One of the things I like most in being a blogger is that I always receive some nice invitation in places I could have never imagined to be so amazing. Here’s the surprise that came from my friend Francesco of the Consorzio Vino Burson in Bagnacavallo, who invited me to discover this wine and the surrounding area.
Most surprisingly for me was to be the only blogger among expert journalists called to these three intensive days of study of the Burson and its characteristics.
Bagnacavallo, the land of Burson wine
Bagnacavallo is a little nice town, once surrounded by a water canal that was a defensive system around the walls that now do not exist anymore. The ancient name was a roman one: as you may imagine, there is almost any city or town or village that was not founded by the romans!
Bagnacavallo was named Tiberiacum and only in the middle age, the actual name appeared after a legend telling of the miracle waters healing the horses. Actually, the two words mean “soak the horse”. The town was surrounded by waters, a very different view from today’s one and it was an island.
The whole people’s life was governed by this aspect, which also developed a wetland economy, lasted even after the Second World War.
Maybe because of this special “terroir” (as the wine expert taught me!), very different from the one you can find in the hills of the Apennines. And that affected the presence of special kinds of grapes, not very precious, and mostly used during meals, just as any other fruit. In the ancient times, this area was very rich in grapes, wild ones but also imported from Greece.Some of them just disappeared and some other resisted but were not used to make wine but to be eaten by the poor people.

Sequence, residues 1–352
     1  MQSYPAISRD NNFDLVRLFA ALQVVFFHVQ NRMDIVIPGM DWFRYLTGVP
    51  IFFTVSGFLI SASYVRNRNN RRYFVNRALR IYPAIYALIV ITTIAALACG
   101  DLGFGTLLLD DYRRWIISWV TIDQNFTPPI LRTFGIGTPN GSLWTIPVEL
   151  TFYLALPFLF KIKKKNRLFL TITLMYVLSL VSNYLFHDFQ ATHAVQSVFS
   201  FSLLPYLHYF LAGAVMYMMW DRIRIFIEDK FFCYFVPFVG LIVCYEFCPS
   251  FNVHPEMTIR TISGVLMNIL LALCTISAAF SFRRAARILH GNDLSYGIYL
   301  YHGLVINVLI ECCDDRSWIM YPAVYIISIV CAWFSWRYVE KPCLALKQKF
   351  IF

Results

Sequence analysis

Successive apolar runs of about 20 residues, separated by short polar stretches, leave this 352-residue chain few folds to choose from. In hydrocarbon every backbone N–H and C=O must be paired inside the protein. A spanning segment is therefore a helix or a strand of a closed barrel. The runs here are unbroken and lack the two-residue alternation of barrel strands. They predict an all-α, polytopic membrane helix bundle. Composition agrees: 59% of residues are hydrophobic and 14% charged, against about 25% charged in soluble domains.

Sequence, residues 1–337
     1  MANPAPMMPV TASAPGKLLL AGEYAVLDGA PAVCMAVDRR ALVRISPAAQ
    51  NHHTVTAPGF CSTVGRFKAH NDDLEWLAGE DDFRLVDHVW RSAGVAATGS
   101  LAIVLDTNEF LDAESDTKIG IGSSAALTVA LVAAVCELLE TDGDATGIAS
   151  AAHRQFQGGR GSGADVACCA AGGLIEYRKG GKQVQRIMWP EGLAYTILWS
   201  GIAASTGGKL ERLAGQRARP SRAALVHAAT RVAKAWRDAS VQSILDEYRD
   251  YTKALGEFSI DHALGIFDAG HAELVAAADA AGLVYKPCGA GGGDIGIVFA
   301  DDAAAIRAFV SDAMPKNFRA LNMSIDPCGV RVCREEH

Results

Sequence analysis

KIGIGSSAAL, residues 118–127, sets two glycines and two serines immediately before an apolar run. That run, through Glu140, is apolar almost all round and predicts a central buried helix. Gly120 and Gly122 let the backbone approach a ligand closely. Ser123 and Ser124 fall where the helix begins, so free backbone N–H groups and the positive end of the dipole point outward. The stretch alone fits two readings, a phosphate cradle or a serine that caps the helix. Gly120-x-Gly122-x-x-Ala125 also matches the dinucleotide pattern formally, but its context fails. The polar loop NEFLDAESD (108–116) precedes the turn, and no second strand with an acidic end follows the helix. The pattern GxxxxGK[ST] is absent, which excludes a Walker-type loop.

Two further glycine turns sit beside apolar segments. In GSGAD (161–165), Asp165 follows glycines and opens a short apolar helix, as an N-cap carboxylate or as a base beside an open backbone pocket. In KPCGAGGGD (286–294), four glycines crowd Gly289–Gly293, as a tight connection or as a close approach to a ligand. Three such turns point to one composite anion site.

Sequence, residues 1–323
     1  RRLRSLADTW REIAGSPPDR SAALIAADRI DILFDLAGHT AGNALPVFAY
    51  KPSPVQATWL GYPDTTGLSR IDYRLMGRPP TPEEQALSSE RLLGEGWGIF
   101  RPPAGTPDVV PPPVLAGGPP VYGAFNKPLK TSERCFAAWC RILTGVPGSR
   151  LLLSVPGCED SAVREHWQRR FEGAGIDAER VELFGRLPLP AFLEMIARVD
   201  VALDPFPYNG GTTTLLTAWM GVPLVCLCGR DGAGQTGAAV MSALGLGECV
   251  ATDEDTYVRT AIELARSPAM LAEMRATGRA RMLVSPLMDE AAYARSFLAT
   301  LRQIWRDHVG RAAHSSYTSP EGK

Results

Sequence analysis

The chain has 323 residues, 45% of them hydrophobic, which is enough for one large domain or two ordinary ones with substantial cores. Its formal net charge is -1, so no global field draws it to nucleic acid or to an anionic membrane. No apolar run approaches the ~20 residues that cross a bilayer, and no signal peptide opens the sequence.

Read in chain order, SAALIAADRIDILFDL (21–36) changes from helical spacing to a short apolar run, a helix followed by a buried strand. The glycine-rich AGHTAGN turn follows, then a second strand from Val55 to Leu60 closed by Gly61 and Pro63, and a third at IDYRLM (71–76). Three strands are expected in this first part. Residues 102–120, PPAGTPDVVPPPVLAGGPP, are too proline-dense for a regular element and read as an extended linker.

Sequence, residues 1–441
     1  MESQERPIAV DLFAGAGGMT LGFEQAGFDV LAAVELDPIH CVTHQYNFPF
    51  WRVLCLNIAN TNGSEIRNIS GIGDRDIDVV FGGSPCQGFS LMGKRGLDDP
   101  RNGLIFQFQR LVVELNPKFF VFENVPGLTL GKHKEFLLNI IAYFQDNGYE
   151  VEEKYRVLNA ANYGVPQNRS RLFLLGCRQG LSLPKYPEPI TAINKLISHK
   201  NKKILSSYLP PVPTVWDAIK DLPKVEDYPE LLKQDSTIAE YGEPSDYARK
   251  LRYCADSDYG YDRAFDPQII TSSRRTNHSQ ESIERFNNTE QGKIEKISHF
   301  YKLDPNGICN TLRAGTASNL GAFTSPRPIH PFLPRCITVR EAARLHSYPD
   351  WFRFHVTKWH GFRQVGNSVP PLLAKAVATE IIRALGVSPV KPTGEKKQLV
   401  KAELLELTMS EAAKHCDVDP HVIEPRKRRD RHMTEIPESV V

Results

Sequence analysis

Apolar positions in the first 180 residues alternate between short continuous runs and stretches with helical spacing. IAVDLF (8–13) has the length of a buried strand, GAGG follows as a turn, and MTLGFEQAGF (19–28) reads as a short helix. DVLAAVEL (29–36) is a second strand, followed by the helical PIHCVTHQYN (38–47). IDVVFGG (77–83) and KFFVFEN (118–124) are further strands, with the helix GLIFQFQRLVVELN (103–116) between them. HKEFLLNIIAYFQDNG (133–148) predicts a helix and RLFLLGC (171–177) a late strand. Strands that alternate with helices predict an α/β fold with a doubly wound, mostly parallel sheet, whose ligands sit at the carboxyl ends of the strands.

The story of the Burson is a kind of miracle.
Who discovered the Burson
In 1913, Antonio Longanesi purchased a small farm in Boncellino, a village near Bagnacavallo. A small house with a structure comprising the oven, laundry and pigsty.
It was here that, clinging to an oak tree, he saw this vine grape, once used as a decoy for birds. Given the hardiness of the plant and the high resistance to fungal diseases of the clusters composed of small berries with thick skin, the family tried to make wine at home, like all the farmers in the area.
Antonio got a very strong wine, 14 °, very different from the Sangiovese (a typical wine of the area) which had considerable success even among friends, encouraging the spread of the vine in the area.
The vine is still called Burson Longanesi after the nickname of Antonio and is grown only in sixteen local companies that produce wine according to a precise specification that also certifies the quality.
Daniel Longanesi, the nephew of Antonio, continues to produce wine in the same piece of land bought by Antonio. He is a very enthusiastic young man who loves his work and his wine, which was my first impression meeting him.
The wine obtained from grapes that Burson Longanesi is intense, very broad and rich, fruity aromas with a base of black cherries, spices and cocoa in evidence. The palate has great texture, body and powerful tannins.
A touch of color: the bunches of grapes always maintain a single green grape that lets you know if now is the time to harvest. And it is the only grape that behaves in this way.
In this gallery, Mr Antonio, the uncle of Daniele, Katrine, a lovely German journalist, Mr Ragazzine, oenologist, and the Burson grapes!
Some tips about Bagnacavallo
1) It was the town of monasteries. Here the Church domination was very strong, as in the whole Romagna. Now there are only traces of that, huge buildings such as the magnificent San Francesco Monastery
2) San Michele Fair, it is not just a fair, it is the unique chance to taste the San Michele cake. When? At the end of September
3) Tasting the Burson: it is not very common in Romagna restaurants so contact the www.consorzioilbagnacavallo.it